The apply station is a place where you can sneak in that pesky workbook that you are required to do, or if you are lucky, you can choose your own written activities that students can complete at their seats. The apply station is a free center for me to choose. Sometimes there’s a printable that I want my students to complete and other times I may have a hands on math center with a recording sheet. The idea is that it is an open station where I will fit in what I need done by my students.
Here are some examples of activities that may be in the apply station
Printable practice from January Math Centers Journals and Printables
Pocket Chart Activity from January Math Centers Journals and Printables
From December math centers and printables
Printable from Unit 6 Coins and Graphing
Workbook pages from your district’s math adoption (with math tools)
I have started a new series of math centers that include journals and printables. I wanted to have the printables, journals and centers altogether in one monthly set. Many of the apply activities come from here. When I discuss math centers further in this post, these would also fit well during that time.
This bundle can be found HERE.
The next station is create! This is the math journal station. I was reluctant to start this one, but it is a BIG FAVORITE of my students! Whew! All it takes are some fun folding pop-ups on colored paper and they are hooked! The purpose of the journal activities in first grade is to get students started on creating a book of their math thinking. Because first graders are still developing in their reading and writing skills, I created activities to help students create successfully. I love that it is a tangible record of their math thinking.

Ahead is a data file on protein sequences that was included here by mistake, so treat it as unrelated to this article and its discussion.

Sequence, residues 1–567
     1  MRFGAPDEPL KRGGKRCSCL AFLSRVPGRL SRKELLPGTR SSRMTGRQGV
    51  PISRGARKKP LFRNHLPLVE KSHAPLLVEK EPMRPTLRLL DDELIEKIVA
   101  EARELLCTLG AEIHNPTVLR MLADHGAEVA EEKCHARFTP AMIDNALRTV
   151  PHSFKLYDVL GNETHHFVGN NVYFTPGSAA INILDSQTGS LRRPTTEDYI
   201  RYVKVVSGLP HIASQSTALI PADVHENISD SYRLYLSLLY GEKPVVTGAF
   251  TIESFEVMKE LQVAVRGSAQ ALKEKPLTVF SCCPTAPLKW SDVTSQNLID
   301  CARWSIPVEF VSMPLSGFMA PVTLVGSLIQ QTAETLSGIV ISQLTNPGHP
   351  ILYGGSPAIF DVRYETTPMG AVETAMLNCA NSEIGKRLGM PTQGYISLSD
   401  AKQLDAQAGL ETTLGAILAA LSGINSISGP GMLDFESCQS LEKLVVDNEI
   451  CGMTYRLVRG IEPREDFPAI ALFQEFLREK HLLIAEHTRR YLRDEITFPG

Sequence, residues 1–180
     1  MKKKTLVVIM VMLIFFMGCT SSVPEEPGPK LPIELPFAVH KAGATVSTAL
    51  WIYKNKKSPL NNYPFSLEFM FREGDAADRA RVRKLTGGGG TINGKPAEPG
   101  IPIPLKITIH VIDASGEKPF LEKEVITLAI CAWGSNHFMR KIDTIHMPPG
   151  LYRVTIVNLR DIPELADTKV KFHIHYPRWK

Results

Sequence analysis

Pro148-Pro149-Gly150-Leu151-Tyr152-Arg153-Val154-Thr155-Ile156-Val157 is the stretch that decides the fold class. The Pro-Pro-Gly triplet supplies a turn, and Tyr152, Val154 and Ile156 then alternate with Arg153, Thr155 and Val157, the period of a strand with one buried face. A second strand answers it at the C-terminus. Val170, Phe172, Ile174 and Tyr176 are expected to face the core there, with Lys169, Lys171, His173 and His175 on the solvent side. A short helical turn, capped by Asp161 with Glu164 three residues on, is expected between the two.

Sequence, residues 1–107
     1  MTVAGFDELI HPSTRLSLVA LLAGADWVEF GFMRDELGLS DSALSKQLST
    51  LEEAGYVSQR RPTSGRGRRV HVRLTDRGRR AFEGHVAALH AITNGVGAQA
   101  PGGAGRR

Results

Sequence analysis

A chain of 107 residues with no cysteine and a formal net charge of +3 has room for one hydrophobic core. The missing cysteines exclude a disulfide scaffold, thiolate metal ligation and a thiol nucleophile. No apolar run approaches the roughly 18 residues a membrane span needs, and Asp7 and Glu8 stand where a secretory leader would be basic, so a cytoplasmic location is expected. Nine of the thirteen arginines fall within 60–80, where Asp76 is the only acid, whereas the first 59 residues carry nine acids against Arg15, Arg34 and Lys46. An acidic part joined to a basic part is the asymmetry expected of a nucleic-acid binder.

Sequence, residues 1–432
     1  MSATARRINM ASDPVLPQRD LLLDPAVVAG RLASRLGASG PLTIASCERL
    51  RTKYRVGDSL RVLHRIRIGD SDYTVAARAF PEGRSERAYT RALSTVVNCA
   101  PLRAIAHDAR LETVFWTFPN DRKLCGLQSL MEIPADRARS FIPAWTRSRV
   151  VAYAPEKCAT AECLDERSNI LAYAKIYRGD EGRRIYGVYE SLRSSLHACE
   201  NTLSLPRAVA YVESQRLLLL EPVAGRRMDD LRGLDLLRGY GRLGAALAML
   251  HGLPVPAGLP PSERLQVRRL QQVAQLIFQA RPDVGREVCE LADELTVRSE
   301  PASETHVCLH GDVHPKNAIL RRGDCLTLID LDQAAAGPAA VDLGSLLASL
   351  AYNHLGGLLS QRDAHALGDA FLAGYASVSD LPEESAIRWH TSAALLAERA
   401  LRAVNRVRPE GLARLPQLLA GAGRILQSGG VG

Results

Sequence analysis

Tips for math journaling
- Have a small tub for trash scraps that stays in the middle of the table
- Allow students to stay and finish the activities before rotating to the next station
- Glue sticks, glue sticks, glue sticks… and more glue sticks
- Colored paper adds interest
- In the beginning cut pieces for students and focus on folding
- Keep an example journal at the front for students to reference (without answers of course)
- Use a variety of different types of activities each day
Here are some examples of our math journal activities
Create an example journal. It’s there when you are ready to introduce an activity. Students instantly see how the pieces fit best and what folds they will be making. Students will not interrupt you during small group because they will have a tangible example.
This is our hands-on station. Just like the other stations students love the variety of activities available during this rotation. It’s a time to practice what they know in a fun format! Hands-on games usually do not have a written component in my classroom. Students have already had two stations that allow for that so this is all about the hands-on application of previously learned skills. Remember that these stations are independent, so we want our students to be practicing what they have already been taught. We don’t want to put activities into these stations that are new concepts. First graders require repetition and review to become fluent in both reading and math concepts. This is the perfect opportunity for this!